The Supreme Court’s top court vacancy is the third to come up since President Trump took office.
The next vacancy should be decided in December.
Here’s what you need to know about the candidates, the cases and the potential cases.1.
Which states get state appointees to the Supreme Court?: Eight states, including the District of Columbia, receive appointments to state supreme courts.
These include Arizona, California, Connecticut, Hawaii, Illinois, Maine, Maryland, Massachusetts, New Hampshire, New Jersey, New York and Rhode Island.2.
Which state should get its own appointment to the US Supreme Court: Wyoming is the only state in the country without a state supreme court appointment.
But its Supreme Court vacancy is being filled by the Nebraska Supreme Court, which serves the state’s eastern half.
The state’s chief justice, John Geddes, is the lone member of the Nebraska court.3.
Which other states should be getting their own state appointments?: The first four states to elect governors are Arizona, Georgia, Indiana and Kentucky.
In November, Arizona’s Republican Gov.
Doug Ducey named Chief Justice John Roberts as his nominee for a seat on the court.
Roberts was previously the Chief Justice of the US District Court for the Western District of Washington, and he’s a lawyer with the firm DLA Piper, which focuses on federal and state court issues.4.
Who’s the best qualified candidate to fill the vacancy on the Supreme Judicial Court?: The court’s conservative bloc is likely to nominate a justice who will be a strong conservative on the high court.
A nominee with strong conservative credentials could be a good fit for the court, which is widely seen as the most important federal court in the United States.
The justices in question could be the most conservative and ideologically extreme justices in the nation.5.
How will the justices in this vacancy vote?: The most likely candidates to fill Justice Anthony Kennedy’s seat on this court are Alabama’s Jeff Sessions, Georgia’s Don Beyer and Missouri’s Todd Akin.
If a conservative justice were to be nominated, it would likely require a tie vote by the court’s liberal bloc.
The court has traditionally been a highly partisan body, but this year, the conservative bloc’s nominee has become more visible in the nomination process.
A vote could be made for Justice Gorsuch.6.
How many justices would the next president have on the bench?
If there are two nominees, the president could choose from the four current Supreme Court justices.7.
Does the next President have the authority to appoint a justice to the court?
The answer to this question is “yes.”
The Constitution grants the president the authority under Article II, Section 2 to appoint judges.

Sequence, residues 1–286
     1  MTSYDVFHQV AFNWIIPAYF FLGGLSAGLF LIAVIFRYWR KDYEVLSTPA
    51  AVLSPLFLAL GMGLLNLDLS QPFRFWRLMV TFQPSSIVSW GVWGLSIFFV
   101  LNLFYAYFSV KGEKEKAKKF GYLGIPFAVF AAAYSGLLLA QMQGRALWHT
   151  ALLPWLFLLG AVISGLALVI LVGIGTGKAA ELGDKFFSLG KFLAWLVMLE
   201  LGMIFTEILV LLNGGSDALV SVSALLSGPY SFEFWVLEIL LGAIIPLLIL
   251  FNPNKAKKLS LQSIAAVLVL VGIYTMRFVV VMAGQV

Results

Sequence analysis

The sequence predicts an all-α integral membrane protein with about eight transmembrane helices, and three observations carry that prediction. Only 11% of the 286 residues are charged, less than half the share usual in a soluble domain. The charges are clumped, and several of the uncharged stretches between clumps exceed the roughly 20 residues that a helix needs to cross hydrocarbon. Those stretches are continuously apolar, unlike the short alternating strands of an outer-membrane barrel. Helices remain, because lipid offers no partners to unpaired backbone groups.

The president is not bound by a law passed by Congress or signed into law by the president.
In other words, if there are no laws or laws signed by the incoming president, the President can appoint anyone he wants.
The Constitution says that the Supreme Courts are to be made up of Justices “elected by the People.”
But presidents have also appointed judges, and Congress is the body that passed those laws.8.
What if Trump nominates a conservative nominee to the seat of Justice Scalia?
The next president could appoint another conservative to the position.
However, a conservative Justice could potentially take the seat.
There is no precedent for a Trump nomination to the vacancy that is not confirmed by the Senate.
Justice Scalia was 79 when he died in February, so it’s unlikely that Trump would nominate a conservative to replace him.9.
What would happen if a conservative is confirmed?
The Supreme court’s current five justices are all from the conservative wing of the Republican Party.
The other three justices are appointed by Republican presidents.
Justice Ruth Bader Ginsburg, the Court’s liberal justice, is also a former justice.
The court would likely confirm a liberal justice if he or she were confirmed.10.
What about if a Democrat is nominated to the job?
The current justice on the Court is a conservative, which could be enough for Republicans to block any Trump nominee.
The vacancy would then be filled by a liberal.11.
Does any president appoint the president?
No, the Senate can’t do that.
The Senate must confirm a nominee through a vote of 51 senators and a simple majority.
The Democratic president has to be in the majority, and if he doesn’t agree to a nomination, a simple filibuster of the nominee is the next option.
The filibuster, which can take weeks, is called “the filibuster.”
If a filibuster succeeds, a nomination has to pass through another simple majority vote, usually by the Republican-controlled Senate.
The Senate can change its rules to prevent Trump from being confirmed, however.
This would mean the president can only be confirmed by a simple two-thirds majority of the senators, not the 60 votes needed for a filibuster.
The two-third majority would be necessary to block a Trump nominee